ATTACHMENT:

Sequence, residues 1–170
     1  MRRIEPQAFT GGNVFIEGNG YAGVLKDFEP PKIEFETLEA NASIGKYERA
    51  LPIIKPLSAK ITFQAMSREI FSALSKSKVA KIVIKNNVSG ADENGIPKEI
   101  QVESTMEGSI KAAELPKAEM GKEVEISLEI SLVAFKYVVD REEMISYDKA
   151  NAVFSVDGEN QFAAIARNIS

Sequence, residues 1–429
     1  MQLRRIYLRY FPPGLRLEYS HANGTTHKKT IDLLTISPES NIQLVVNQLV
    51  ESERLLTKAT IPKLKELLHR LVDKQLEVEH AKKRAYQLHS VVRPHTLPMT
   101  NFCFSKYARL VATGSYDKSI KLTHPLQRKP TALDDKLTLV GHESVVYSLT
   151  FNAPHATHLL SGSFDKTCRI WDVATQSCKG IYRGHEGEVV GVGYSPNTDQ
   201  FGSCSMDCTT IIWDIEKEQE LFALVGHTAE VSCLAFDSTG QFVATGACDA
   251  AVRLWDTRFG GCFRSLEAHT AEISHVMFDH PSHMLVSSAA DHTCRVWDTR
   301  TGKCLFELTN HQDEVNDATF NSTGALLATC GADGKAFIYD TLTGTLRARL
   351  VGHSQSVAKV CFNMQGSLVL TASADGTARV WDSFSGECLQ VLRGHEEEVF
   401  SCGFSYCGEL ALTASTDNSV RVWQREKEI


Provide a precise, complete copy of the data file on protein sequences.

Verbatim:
Sequence, residues 1–170
     1  MRRIEPQAFT GGNVFIEGNG YAGVLKDFEP PKIEFETLEA NASIGKYERA
    51  LPIIKPLSAK ITFQAMSREI FSALSKSKVA KIVIKNNVSG ADENGIPKEI
   101  QVESTMEGSI KAAELPKAEM GKEVEISLEI SLVAFKYVVD REEMISYDKA
   151  NAVFSVDGEN QFAAIARNIS

Sequence, residues 1–429
     1  MQLRRIYLRY FPPGLRLEYS HANGTTHKKT IDLLTISPES NIQLVVNQLV
    51  ESERLLTKAT IPKLKELLHR LVDKQLEVEH AKKRAYQLHS VVRPHTLPMT
   101  NFCFSKYARL VATGSYDKSI KLTHPLQRKP TALDDKLTLV GHESVVYSLT
   151  FNAPHATHLL SGSFDKTCRI WDVATQSCKG IYRGHEGEVV GVGYSPNTDQ
   201  FGSCSMDCTT IIWDIEKEQE LFALVGHTAE VSCLAFDSTG QFVATGACDA
   251  AVRLWDTRFG GCFRSLEAHT AEISHVMFDH PSHMLVSSAA DHTCRVWDTR
   301  TGKCLFELTN HQDEVNDATF NSTGALLATC GADGKAFIYD TLTGTLRARL
   351  VGHSQSVAKV CFNMQGSLVL TASADGTARV WDSFSGECLQ VLRGHEEEVF
   401  SCGFSYCGEL ALTASTDNSV RVWQREKEI